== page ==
Original article by Wladimir van Wilgenburg

Security forces rush to the scene of an explosion in Tabqa, Aug. 26, 2019.
Photo: Raqqa Media Centre

ERBIL (Kurdistan 24) – Sleeper cell attacks in areas the US-backed Syrian Democratic Forces (SDF) control continue to hurt the stability of the region, analysts say.

On Tuesday, a booby-trapped motorcycle bomb injured four civilians and one military officer in al-Shaddadi, the internal security forces said in a statement.

Two of the civilians were heavily injured, and in critical condition, it added. They were transported to a hospital in Hasakah.

On Monday, another car bomb attack in Tabqa’s city center injured 10 civilians, including two of them critically. One child died from the explosion.

Security forces cordoned off the area and said they also dismantled explosives linked to a remote device at the site of the explosion.

Despite the SDF and the US-led coalition announcing the defeat of the so-called Islamic State caliphate on March 23, the terror group’s sleeper cell attacks persist in Arab-majority areas that were liberated.

According to the United States Central Command (CENTCOM), the Islamic State has activated insurgency cells in areas the SDF controlled and “used these cells to conduct attacks in northeastern Syria and other areas of the MERV [Middle Euphrates River Valley],” a recent Pentagon Watchdog report said.

It also said the Islamic State carried out attacks mainly in Raqqa, Hasakah, and Deir al-Zor provinces.

Internal security forces and counter-terrorism forces have arrested several sleeper cells that carried out attacks.

On Aug. 22, Raqqa’s internal security forces announced they had dismantled a large Islamic State sleeper cell ring in the city.

Nicholas A. Heras, a Middle East security analyst at the Washington-based Center for a New American Security, said the Islamic State’s threat “exists all over northern and eastern Syria,” not only in recently liberated areas the extremist group held, such as Deir al-Zor.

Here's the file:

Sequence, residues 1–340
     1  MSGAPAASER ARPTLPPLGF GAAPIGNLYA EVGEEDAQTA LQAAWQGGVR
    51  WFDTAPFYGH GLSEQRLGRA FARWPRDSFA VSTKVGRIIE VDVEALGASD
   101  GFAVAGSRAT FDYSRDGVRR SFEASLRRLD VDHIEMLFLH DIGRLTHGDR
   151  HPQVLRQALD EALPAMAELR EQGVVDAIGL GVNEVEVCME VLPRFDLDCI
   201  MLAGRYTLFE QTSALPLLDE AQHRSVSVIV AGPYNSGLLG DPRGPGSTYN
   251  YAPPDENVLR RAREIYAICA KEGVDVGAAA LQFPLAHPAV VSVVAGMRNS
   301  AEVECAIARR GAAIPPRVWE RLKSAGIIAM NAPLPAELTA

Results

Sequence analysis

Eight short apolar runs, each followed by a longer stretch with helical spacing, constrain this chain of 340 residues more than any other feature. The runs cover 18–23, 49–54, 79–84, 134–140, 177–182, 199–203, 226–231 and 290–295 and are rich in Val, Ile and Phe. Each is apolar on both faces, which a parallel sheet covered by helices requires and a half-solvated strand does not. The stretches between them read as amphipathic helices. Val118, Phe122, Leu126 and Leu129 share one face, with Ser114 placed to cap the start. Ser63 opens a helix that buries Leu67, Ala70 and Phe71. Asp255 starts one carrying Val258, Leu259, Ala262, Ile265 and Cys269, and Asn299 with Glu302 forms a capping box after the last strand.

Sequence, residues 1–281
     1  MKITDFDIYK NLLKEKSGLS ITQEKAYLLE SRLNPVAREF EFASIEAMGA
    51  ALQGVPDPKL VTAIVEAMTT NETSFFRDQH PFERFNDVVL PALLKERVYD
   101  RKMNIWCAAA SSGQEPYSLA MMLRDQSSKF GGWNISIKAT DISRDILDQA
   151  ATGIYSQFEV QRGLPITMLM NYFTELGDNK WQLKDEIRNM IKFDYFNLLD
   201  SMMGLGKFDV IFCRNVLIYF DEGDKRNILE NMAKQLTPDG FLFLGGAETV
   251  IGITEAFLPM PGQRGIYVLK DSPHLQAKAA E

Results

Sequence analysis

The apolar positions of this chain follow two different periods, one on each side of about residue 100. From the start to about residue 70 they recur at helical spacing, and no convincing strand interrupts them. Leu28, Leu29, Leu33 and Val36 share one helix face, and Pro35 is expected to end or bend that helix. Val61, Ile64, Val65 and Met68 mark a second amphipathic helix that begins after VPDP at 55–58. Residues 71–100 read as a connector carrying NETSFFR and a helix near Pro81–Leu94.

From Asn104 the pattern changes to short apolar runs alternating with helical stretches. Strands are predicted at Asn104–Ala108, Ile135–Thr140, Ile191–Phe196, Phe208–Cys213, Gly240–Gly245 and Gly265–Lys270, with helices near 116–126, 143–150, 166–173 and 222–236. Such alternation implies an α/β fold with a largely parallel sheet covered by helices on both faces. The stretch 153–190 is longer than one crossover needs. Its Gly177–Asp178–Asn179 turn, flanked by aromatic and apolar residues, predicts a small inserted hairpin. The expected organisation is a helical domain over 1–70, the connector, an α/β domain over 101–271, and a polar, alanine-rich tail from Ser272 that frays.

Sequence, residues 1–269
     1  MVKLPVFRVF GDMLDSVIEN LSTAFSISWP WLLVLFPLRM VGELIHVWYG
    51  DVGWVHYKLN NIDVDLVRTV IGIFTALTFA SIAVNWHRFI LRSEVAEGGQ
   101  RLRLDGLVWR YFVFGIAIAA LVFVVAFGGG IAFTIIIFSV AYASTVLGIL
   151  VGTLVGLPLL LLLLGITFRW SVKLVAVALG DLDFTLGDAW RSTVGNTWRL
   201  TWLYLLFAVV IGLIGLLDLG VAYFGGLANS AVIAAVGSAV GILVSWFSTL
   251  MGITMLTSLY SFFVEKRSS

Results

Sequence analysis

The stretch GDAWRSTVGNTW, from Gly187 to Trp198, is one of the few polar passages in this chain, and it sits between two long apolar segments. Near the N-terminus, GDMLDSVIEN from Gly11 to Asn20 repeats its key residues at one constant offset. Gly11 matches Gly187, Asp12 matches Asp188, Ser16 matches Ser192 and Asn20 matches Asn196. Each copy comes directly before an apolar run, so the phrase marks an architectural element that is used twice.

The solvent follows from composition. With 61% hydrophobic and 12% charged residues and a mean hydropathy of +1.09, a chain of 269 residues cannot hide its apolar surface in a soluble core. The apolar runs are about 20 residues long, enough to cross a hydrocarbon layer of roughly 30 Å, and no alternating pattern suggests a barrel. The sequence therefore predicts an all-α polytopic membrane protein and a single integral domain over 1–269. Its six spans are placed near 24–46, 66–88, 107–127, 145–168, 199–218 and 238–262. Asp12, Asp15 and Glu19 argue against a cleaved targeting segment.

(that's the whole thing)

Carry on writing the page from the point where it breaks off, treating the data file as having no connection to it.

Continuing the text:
“ISIS had a deliberate policy of seeding its operatives in places like Shadadi that are considered well within the SDF Zone,” Heras told Kurdistan 24.

Although the Islamic State is often blamed for attacks on territories the SDF holds, on Aug. 24, the internal security forces published confessions of seven alleged sleeper cell members that were reportedly affiliated to the Syrian regime, or Turkey.

The suspects were purportedly responsible for several attacks in the Hasakah province.

One of the suspects claimed his uncle, who works for the state criminal security apparatus, forced him to carry out attacks so the Syrian regime could return to the areas.

According to Heras, the SDF and the US-led coalition are surrounded by enemies that want to see its project fail.

Syrian President Bashar al-Assad “and his allies Russia and Iran want to evict the Americans from Syria, and the best way to do that is to disrupt and destroy America’s best friend in Syria, the SDF,” he stated.

“Turkey is jealous of the close partnership between the US military and the SDF, and will stop at nothing to wreck this relationship.”

Thomas McClure, a Syria-based researcher at the Rojava Information Center (RIC), suggested the aim of the attacks was to scare Arab communities from engaging with the SDF and the locally established administration.

“Both the Turkish government and the Syrian regime also have a hand in current efforts to destabilize the fragile peace,” he told Kurdistan 24.

In a curious twist of fate, pro-regime tribal leader Suleiman al-Shwakh from the Wilde tribe was killed in Damascus on Aug. 23 by a sleeper cell attack.

According to a tweet from Syria researcher Aymenn Jawad Al-Tamimi, Shwakh was the founder of the popular resistance, a group that targets the US and SDF in Raqqa province with sleeper cell attacks.